But even as Victoria longs to escape her bedroom to worry less about the impending childbirth, the dangers are building. Everyone’s worried about Victoria dying in childbirth, but it turns out they should be more worried about the psycho fans that she’s been inspiring. Over the course of the episode, we see one young man, practicing with a gun, and obsessing over the Queen. At first we are led to believe this might be the same “Captain Childers” who has been writing besotted letters and fancies himself at the ready to free the Queen from her “golden cage” and “German tyrant.” But on her first carriage ride out to get some air, her route swarmed with fans, we meet Childers, and discover he’s mostly harmless, and that all he wants to do is pepper her with posies.

"Baroness: “You will not be following your mother’s example?”Victoria: “She was not a queen, and I am not a cow.”"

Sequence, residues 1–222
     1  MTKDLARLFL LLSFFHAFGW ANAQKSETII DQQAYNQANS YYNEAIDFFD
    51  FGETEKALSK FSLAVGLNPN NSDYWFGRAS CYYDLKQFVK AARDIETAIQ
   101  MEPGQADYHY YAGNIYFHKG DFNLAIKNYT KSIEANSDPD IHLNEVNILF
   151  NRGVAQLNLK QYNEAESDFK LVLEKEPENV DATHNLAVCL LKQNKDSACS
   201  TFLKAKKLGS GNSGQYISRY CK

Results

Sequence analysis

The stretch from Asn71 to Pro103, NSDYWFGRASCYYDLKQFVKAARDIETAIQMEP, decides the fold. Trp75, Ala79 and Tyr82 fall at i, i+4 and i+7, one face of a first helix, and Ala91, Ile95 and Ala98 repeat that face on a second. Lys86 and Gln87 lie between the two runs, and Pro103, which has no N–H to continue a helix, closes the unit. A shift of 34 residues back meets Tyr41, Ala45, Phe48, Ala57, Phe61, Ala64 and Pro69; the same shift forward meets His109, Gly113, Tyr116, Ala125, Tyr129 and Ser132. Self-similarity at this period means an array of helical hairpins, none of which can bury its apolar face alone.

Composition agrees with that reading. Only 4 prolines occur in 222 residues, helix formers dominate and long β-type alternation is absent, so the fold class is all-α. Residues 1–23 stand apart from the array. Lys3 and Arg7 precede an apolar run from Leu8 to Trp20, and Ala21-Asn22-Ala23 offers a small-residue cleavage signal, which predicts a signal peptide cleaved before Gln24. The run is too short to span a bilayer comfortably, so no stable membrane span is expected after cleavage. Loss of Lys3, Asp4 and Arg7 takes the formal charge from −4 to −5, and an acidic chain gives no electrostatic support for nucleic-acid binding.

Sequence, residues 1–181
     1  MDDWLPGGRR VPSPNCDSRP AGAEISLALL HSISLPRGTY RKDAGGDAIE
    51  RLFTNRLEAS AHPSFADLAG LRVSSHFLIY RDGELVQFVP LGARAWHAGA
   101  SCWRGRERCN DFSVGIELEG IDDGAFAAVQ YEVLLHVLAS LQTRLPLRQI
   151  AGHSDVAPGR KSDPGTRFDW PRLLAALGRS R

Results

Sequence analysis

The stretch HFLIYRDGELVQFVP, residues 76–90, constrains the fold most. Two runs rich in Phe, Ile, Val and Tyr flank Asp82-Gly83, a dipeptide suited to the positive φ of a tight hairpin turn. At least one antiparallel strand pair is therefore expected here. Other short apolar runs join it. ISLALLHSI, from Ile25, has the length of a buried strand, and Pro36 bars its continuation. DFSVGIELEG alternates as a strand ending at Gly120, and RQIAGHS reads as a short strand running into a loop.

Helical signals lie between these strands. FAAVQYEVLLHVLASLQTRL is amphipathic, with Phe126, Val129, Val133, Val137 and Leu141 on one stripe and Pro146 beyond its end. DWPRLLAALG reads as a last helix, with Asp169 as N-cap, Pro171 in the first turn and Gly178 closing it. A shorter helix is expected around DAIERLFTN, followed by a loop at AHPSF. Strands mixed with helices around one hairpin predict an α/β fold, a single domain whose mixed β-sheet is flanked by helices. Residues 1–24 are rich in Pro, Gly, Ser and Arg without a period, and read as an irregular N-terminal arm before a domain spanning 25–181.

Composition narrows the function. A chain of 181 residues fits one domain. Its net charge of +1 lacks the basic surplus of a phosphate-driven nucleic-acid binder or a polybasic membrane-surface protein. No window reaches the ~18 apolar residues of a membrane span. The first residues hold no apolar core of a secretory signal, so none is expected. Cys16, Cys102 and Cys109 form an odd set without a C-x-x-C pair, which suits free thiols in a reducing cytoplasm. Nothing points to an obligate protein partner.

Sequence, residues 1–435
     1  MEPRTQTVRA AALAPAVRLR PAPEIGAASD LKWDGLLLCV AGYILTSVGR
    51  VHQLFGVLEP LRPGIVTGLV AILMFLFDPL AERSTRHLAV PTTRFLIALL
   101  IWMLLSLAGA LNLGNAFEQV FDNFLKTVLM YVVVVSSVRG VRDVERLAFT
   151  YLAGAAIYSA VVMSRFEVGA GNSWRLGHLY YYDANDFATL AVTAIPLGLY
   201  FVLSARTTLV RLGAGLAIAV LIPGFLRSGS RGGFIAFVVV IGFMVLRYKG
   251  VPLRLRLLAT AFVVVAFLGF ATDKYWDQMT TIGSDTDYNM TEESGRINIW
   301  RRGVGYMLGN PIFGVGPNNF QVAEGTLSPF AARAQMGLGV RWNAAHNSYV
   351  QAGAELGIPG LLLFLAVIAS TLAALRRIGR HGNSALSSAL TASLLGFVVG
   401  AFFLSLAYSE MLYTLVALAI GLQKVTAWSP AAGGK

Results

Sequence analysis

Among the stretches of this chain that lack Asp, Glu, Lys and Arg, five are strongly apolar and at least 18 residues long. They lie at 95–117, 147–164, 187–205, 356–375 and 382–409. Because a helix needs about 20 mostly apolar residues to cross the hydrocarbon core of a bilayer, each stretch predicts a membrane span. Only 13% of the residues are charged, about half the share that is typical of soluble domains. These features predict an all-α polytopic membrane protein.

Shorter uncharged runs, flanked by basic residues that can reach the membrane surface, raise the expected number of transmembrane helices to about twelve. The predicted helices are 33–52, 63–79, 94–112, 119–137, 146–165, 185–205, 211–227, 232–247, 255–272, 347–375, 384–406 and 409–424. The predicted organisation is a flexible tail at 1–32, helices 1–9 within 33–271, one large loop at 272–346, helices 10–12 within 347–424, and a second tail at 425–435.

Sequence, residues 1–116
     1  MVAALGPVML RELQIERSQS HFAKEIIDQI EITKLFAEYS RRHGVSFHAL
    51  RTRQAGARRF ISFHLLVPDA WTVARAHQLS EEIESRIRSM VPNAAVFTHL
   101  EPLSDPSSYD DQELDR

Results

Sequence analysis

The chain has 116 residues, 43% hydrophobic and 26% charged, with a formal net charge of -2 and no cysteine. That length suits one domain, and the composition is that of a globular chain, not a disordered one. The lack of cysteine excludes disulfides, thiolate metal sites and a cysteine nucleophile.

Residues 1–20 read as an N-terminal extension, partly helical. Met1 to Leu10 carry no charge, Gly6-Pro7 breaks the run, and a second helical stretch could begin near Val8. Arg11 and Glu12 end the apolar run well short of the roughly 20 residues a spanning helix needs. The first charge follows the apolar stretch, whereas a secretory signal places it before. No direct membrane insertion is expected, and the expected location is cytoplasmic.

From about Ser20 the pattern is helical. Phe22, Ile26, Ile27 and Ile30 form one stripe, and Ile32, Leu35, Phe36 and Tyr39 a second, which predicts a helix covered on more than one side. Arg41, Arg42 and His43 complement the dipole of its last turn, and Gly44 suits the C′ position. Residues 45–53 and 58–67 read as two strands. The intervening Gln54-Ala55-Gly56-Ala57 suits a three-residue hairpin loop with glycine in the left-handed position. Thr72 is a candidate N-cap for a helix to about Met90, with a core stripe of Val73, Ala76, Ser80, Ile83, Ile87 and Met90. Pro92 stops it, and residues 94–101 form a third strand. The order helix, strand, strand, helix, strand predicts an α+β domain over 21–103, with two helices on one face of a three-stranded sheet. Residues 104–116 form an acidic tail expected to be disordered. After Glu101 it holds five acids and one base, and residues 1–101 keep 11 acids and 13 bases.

The incident is enough to throw Albert into fits of worry, including a freak out at the Baroness over the fact that he wasn’t aware of Victoria’s insane admirers, but Victoria is having none of it. besides, the Baroness has much bigger fish to fry, or cows to milk. She has been asked to bring aboard a wet nurse — a task which she, a virgin, and a city born lady, knows little about. Mrs. Jenkins finds herself coming to the Baroness’ aide, since, as a farm girl “she knows a good milker.”

Jenna Coleman as Victoria

(C) ITV Plc